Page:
Marchessault had two goals in a 3-1 win over Arizona on Thursday. He has nine goals over his last nine games and leads the Panthers with 28.

Corey Crawford stopped 21 shots for the Blackhawks before being lifted at 4:59 of the third for Scott Darling, who allowed three goals on six shots.

Already leading 3-0, the Panthers poured in four goals in the third (see full recap).

Caps top Coyotes as Ovechkin reaches 30 goals for 12th straight season
WASHINGTON -- Alex Ovechkin recorded his 30th goal of the season and Daniel Winnik scored two goals, including the game-winner late in the third period, as the Washington Capitals overcame listless stretches to beat the lowly Arizona Coyotes 4-1 on Saturday night.

Ovechkin became the third player in league history to score 30-plus goals in each of his first 12 seasons, joining Mike Gartner (15) and Wayne Gretzky (13).

Winnik scored with 4:39 remaining, Justin Williams added another goal not long and Winnik sealed the Capitals' fourth consecutive victory with an empty-netter.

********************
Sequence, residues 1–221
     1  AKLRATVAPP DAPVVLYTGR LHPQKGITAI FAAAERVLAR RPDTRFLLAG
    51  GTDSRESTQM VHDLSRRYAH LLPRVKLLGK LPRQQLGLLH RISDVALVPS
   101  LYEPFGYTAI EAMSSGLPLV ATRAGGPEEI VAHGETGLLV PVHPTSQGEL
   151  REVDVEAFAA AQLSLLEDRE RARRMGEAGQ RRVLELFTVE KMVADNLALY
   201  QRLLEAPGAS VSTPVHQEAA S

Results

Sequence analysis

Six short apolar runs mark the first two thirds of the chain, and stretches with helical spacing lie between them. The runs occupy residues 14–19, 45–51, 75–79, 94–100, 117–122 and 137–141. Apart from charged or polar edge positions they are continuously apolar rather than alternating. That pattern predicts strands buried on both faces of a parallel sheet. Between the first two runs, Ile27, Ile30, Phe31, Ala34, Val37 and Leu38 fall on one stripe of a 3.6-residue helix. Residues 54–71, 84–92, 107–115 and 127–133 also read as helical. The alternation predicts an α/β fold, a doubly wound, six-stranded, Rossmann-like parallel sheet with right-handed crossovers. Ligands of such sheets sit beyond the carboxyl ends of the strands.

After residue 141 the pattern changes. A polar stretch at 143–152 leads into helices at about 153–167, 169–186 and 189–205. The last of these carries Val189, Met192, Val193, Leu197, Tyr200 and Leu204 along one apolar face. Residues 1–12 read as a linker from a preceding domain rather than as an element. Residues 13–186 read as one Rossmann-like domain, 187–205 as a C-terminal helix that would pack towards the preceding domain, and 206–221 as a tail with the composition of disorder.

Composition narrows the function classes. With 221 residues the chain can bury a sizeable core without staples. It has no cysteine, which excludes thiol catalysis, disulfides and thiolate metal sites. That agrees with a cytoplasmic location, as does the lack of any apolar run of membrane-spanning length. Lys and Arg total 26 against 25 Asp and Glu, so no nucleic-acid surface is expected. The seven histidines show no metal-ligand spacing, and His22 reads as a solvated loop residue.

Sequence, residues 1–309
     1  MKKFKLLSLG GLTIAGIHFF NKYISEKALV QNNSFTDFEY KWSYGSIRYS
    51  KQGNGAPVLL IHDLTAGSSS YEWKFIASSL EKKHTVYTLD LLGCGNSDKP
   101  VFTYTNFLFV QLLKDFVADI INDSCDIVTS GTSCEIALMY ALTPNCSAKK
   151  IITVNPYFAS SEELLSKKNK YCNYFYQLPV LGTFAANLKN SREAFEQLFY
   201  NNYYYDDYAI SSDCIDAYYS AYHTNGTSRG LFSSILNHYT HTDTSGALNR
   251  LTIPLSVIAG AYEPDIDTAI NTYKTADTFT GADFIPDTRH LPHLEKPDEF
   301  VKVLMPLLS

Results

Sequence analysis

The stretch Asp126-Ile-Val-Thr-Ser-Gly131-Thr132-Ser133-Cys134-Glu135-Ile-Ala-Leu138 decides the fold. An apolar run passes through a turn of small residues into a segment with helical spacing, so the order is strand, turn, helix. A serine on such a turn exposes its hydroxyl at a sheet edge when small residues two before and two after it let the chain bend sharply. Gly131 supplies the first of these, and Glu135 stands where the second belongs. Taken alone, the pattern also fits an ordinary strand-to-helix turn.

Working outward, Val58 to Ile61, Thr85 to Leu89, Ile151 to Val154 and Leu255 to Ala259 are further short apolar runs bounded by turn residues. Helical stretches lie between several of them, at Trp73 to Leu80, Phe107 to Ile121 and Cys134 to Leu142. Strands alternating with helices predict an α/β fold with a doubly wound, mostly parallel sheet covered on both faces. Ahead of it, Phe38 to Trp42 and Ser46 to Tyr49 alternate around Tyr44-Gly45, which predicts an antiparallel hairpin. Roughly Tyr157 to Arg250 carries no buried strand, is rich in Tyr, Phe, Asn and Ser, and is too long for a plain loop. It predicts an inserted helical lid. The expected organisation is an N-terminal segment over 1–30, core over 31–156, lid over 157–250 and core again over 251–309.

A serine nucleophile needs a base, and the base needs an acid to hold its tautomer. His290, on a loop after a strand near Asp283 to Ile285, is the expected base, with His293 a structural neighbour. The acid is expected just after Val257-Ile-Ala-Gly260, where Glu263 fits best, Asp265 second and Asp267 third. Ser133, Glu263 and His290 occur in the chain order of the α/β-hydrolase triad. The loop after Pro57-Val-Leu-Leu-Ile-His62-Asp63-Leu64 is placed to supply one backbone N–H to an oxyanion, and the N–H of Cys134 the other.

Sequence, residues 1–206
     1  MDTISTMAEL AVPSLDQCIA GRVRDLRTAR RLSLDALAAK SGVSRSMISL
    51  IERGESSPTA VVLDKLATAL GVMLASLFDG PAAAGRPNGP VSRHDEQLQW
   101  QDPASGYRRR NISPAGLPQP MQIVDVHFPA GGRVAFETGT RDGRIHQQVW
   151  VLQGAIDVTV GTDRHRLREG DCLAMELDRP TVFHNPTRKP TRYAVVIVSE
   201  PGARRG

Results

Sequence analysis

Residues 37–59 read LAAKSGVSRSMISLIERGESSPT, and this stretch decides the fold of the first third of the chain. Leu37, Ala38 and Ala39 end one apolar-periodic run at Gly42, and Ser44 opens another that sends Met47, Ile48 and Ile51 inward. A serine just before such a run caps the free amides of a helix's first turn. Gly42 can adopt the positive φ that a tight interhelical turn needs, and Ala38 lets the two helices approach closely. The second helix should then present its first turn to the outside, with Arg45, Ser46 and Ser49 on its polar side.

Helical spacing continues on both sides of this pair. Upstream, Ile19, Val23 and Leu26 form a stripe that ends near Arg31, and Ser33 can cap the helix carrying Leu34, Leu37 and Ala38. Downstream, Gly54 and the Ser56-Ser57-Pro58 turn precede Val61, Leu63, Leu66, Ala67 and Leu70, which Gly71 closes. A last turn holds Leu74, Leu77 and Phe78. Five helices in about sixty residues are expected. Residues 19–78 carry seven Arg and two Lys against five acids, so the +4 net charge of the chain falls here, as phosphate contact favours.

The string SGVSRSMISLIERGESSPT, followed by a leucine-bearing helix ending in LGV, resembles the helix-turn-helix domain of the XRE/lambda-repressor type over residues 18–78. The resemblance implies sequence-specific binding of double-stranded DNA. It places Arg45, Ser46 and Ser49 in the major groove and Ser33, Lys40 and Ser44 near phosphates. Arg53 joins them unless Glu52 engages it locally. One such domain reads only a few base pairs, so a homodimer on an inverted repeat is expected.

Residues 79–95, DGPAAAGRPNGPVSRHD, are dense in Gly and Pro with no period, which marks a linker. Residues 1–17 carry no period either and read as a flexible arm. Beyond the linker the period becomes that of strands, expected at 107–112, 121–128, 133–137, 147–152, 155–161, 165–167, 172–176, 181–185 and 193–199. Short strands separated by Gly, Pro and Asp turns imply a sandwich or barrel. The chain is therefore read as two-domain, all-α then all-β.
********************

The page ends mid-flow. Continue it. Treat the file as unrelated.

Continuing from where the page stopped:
Braden Holtby made 28 saves for Washington, which has won five of six to reach an NHL-leading 106 points and keep pace atop the competitive Metropolitan Division. The Capitals are three points up on the Columbus Blue Jackets and Pittsburgh Penguins.

Mike Smith stopped 29 of the 32 shots he faced and Peter Holland scored the lone goal for Arizona (see full recap).

Flyers-Blue Jackets 10 observations: Strong effort not enough to overcome Sergei Bobrovsky

Flyers-Blue Jackets 10 observations: Strong effort not enough to overcome Sergei Bobrovsky

From Winnipeg to Minnesota to Columbus, the Flyers' final long road trip made its third stop Saturday afternoon in Ohio against a rather imposing Blue Jackets team.